By Alan Karickhoff, Swimming World College Intern
Every year I’m surprised by the number of teens, barely old enough to drive, placing in the finals of their respective events at the U.S. Olympic Trials. I’m also amazed to see Olympians that I watched in their first Olympic Games, when I was 10, still qualifying for the finals heat this year.
For the oldest male finalist qualifier this year, we saw Anthony Ervin (Unattached MAC/UCB), 35, who placed second in the 50 free and fourth in the 100 free. Natalie Coughlin (California Aquatics), 33, represented the oldest female finalist qualifier this year placing eighth in the 100 back. At the opposite end of the timeline, Robert Finke (Saint Petersburg Aquatics), 16, denoted the youngest male swimmer in the finals, placing seventh in the 1500 free. For the women, Cassidy Bayer (Nation’s Capital Swim Club), also 16, placed fourth in the 100 fly and third in the 200 fly.
In the 2012 Olympic Trials, we witnessed both of the oldest finals qualifiers since 1996. Dara Torres (CSSC-FG), 45, placed fourth in the 50 free, and Jason Lezak (ROSE-CA), 36, placed sixth in the 100 free.
There is a six-way tie for youngest female finalist qualifier in the Olympic Trials since 1996. They were all 14 in their qualifying years. In 1996, Amanda Beard (Irvine Novas) placed first in the 100 and 200 breaststroke. Jilen Siroky (Mecklenburg) placed second in the 200 breast and fifth in the 100 breast. Beth Botsford (North Baltimore) placed first in the 200 back and second in the 100 back. Jennifer Parmenter (Canyons Aquatics) placed third in the 400 IM, sixth in the 200IM, and sixth in the 200 back.
In 2000, Diana MacManus (Novaquatics) placed fourth in the 100 back.
Then, twelve years later, in 2012, Becca Mann (CAT-FL) placed fifth in the 800 free and 400 IM, and sixth in the 400 free.
For the men, Michael Phelps (North Baltimore) holds the record for youngest Olympic Trials finals qualifier since 1996. At 15 years old, he placed second in the 200 fly.
With the talk of Michael Phelps and Ryan Lochte’s last competitive races on U.S. soil, this year’s Olympic Trials finalists felt like an older group than in past years. We also saw many stars from previous Olympics placing in the top 8: Dana Vollmer, Amanda Weir, Natalie Coughlin, Jessica Hardy, Nathan Adrian, Cullen Jones, and Matt Grevers, among many others. I dove into the data to find some answers to my questions. Unfortunately, results posted online only showed dates back to 1996, but it’s still a good reference with 1,248 observations.
Was this a star-studded field? Certainly. Was it the oldest group of top 8 finishers since 1996?
Yes! Overall, the average age in 2016 was 22 years and nearly five months. It’s tied with 2012 as being the oldest two Olympic Trials since 1996. In 1996, the average age was only 20 years and nearly 10 months. Separating men and women, we do not have the same answer. The average age for men in 2012 was 23 years and nearly 10 months. The 2016 women finalists are the oldest group, averaging 21 years and nearly 10 months, which is over two and a half years more than 1996 when their average age was 19 years and about 2 months.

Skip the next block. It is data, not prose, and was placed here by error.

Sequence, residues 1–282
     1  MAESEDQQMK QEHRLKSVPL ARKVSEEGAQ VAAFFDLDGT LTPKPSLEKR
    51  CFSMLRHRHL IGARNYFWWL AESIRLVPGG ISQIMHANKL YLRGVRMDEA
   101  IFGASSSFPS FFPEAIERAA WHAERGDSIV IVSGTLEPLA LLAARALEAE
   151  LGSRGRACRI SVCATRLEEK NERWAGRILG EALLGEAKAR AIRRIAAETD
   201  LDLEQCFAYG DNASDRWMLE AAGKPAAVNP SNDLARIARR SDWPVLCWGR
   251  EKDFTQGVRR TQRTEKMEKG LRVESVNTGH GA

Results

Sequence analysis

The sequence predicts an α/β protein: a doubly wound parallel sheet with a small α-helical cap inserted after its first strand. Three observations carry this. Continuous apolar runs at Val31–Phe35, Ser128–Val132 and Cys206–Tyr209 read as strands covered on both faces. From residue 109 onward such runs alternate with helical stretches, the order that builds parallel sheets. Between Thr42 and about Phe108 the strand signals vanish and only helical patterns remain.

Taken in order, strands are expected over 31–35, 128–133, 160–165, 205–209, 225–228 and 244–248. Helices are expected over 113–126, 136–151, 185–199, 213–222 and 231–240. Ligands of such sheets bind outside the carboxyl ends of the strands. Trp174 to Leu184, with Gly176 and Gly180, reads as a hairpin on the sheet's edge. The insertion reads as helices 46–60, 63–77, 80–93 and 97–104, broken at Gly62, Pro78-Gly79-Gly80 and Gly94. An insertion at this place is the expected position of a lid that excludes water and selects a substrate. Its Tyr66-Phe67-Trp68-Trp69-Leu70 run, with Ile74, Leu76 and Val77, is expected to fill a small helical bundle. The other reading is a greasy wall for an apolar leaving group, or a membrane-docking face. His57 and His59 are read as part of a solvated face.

The women have the youngest swimmers to qualify for the finals, but they also have the oldest. Do men or women have the highest average age?
Men. Including every top eight finisher in every event since the 1996 Olympic Trials, the average age for females is 20 years and nearly 10 months. For males, it is 22 years and just over seven months. The average age for men in every event is higher than the average age for women, except for the 100 fly.
Does the event make a difference? It is easy to look at the anecdotal evidence of Dara Torres in the 50 free and Jason Lezak in the 100 free, but is that consistent among the top eight swimmers?
Between events, the average ages can be multiple years apart. There is a strong bias toward older swimmers qualifying in the top eight for the 50 free and the 100 free. Younger swimmers fill the other events almost evenly, but for women there is an average age under 20 for the 400 free, 800 free, 200 IM, and 400 IM. For men, the two lowest aged events are the 1500 free and 200 back, but most ages are 21 or 22.
Four fun facts with the most affect on the averages:
In 1996 the average age for females in the 400 IM was only 16 years and about 5 months!
If you’re a recent college graduate in your early 20s, then you might not want to hang up the goggles yet. The average age for males in the 50 free this year was 26 years and almost 4 months!
The average age for females in the 50 free in 2012 was 26 years and nearly 5 months!
In 1996, the average age for the top two finishers in the women’s 200 breaststroke was 14!